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post #121 of 149 Old 12-30-2007, 05:26 PM
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Originally Posted by hwjohn View Post

I think your way would be more accurate, but has anyone thought about the fact that you are throwing away some of your bit depth? If you perform the gamut twist, then it looks like RGB values will be clipped at some value less than 235 (say 220), which means you have thrown out 15 luminance values that would have been there if you were using an SMPTE-C gamut. You effectively have less "shades" to represent the gamut than you would if you were using an SMPTE-C gamut to begin with. Any adverse effects to this?

To answer your question strictly: Yes. As a matter of fact, I have thought about it.

To be a little less cavalier: You lose dynamic range when going from YCbCr to RGB no matter what you do. Quite simply: the color space for YCbCr is a form of lossless compression, so you already face this issue. It gets worse, in fact, once you start implementing the xvYCC (xvColor). Since xvColor uses even more of the existing 8-bit YCbCr data containers, you face an even bigger problem than this little exercise.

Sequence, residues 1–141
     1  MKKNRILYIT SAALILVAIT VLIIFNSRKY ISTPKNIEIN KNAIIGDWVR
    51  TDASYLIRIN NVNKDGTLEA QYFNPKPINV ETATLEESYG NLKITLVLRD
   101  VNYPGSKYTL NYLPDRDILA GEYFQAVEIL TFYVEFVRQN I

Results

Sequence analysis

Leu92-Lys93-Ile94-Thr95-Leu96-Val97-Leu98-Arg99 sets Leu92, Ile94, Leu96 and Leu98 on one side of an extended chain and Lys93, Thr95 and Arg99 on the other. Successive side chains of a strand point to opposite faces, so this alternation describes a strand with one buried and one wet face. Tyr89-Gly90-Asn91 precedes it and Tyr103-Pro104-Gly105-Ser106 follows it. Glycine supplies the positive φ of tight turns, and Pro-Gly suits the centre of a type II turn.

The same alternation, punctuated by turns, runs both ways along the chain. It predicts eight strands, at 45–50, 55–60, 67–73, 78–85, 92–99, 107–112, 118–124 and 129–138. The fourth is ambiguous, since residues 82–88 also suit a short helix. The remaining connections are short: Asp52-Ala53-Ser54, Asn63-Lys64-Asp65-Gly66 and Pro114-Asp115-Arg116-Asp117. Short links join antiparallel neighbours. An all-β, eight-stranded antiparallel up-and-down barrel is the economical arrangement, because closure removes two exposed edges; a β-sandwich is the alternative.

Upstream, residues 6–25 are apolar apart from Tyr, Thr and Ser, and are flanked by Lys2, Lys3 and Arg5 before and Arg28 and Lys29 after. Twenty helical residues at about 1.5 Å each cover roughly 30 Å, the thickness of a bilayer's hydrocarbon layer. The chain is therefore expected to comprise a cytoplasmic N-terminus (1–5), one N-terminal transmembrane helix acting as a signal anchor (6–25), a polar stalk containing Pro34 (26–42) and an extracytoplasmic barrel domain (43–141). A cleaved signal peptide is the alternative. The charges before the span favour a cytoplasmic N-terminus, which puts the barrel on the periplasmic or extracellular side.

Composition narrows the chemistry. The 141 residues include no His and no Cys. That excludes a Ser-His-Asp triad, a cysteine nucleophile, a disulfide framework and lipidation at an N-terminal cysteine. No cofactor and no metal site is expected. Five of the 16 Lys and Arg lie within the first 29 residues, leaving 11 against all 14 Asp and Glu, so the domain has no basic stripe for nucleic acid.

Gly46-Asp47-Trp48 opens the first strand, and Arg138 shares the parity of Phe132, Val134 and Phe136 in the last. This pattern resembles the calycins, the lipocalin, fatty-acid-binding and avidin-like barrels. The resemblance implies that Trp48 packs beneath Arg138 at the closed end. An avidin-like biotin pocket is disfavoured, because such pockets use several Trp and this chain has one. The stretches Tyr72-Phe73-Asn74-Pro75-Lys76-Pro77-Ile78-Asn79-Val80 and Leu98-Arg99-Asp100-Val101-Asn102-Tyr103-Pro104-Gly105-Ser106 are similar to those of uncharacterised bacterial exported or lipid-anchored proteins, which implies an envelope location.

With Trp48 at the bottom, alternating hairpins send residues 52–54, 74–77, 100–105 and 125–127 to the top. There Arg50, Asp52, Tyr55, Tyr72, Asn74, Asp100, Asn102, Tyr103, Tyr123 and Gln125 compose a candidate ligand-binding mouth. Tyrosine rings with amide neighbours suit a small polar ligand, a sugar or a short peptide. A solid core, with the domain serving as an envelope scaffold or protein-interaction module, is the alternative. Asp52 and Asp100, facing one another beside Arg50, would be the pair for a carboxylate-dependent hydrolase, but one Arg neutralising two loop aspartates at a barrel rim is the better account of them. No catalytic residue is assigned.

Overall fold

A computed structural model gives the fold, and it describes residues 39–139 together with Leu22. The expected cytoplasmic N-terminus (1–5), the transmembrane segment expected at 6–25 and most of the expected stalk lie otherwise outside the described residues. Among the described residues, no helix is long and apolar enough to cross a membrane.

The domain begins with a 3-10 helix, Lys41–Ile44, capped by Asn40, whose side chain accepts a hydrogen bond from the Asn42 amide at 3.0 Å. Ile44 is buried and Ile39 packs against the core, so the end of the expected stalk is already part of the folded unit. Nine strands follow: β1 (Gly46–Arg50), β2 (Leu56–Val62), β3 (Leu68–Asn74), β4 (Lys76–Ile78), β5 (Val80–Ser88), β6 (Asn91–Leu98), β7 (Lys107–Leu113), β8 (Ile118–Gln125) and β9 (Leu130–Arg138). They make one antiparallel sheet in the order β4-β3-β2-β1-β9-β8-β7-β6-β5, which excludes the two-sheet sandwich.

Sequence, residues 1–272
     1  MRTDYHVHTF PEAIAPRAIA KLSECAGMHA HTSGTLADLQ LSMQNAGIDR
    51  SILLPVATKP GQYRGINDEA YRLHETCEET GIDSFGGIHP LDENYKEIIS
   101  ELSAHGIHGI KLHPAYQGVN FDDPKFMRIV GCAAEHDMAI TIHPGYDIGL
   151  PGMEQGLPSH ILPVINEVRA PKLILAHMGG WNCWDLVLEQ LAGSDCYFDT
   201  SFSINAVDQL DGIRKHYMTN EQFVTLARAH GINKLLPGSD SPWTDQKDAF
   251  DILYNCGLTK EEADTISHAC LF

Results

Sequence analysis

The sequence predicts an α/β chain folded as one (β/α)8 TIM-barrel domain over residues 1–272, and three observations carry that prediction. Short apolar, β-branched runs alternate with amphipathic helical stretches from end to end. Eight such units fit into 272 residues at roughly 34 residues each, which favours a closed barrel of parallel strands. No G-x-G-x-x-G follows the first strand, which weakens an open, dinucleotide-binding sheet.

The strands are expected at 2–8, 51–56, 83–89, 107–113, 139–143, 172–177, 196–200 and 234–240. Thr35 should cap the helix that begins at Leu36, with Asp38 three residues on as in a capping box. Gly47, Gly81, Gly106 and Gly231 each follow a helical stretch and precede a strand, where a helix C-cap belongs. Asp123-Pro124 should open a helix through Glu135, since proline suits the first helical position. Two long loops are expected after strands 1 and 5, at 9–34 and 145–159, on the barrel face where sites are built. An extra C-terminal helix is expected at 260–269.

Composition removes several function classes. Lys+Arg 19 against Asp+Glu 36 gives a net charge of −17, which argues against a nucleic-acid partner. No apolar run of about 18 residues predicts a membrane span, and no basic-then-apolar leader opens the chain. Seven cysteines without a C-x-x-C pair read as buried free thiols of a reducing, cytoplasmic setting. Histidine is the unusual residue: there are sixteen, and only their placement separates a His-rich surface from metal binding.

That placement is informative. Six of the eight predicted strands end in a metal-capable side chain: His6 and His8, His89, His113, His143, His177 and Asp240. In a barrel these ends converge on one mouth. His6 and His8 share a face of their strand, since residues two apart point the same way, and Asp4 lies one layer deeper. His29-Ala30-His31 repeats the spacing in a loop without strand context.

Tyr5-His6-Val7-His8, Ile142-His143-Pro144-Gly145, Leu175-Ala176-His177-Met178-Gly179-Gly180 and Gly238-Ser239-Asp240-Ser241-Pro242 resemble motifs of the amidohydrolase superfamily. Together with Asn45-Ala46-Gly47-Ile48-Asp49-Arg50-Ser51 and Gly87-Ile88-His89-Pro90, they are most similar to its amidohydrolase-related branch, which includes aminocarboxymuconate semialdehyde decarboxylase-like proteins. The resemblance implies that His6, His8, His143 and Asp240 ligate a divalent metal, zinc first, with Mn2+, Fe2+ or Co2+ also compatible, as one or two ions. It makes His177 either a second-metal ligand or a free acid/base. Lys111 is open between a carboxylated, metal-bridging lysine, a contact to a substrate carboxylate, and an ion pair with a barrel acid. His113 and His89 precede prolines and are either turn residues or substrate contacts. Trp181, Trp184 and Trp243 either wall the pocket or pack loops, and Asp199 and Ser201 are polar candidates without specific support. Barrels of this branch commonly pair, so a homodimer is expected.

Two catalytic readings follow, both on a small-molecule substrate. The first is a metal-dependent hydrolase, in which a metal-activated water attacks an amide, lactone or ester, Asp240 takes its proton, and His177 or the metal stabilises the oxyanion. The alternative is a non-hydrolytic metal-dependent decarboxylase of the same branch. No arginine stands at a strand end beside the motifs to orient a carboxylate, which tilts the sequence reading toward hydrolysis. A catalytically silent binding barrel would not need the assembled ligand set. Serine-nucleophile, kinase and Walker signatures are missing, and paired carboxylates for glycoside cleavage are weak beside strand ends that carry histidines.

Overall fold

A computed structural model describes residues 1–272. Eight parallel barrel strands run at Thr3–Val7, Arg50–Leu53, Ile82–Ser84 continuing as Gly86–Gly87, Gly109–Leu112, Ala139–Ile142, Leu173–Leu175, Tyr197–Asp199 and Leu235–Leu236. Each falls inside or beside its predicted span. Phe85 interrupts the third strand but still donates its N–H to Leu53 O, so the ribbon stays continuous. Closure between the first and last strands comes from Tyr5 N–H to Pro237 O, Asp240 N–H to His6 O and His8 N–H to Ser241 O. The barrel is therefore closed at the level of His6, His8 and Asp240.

To your specific point about clipping: this is why you do not clip at 16 and 235. As I said before, there is a reason for the head and toe room, and this is one of those uses.

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post #122 of 149 Old 12-30-2007, 07:36 PM
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Originally Posted by Bear5k View Post

This is implementation-dependent. Poynton (and Chris) argues one way; I argue another. I have not found the relevant ITU/CIE/SMPTE document that authoritatively states the way the conversion between the standards should be done. If anybody can give me a pointer to the right document to pull to add to my collection, I'd appreciate it.

Although it means nothing I am with you on this one...



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As near as I can tell, this is for processing efficiency. If you process in 601 component, then you have non-linearities vs. the intended colors since the ratios do not match the desired grayscale mix. With Rec709, you do not. If you do not do signal processing in component video space, then the differences are, in fact, largely an annoyance as Poynton argues.

Bill

I will take your word on this and opt not to push for an explanation...

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post #123 of 149 Old 12-30-2007, 09:38 PM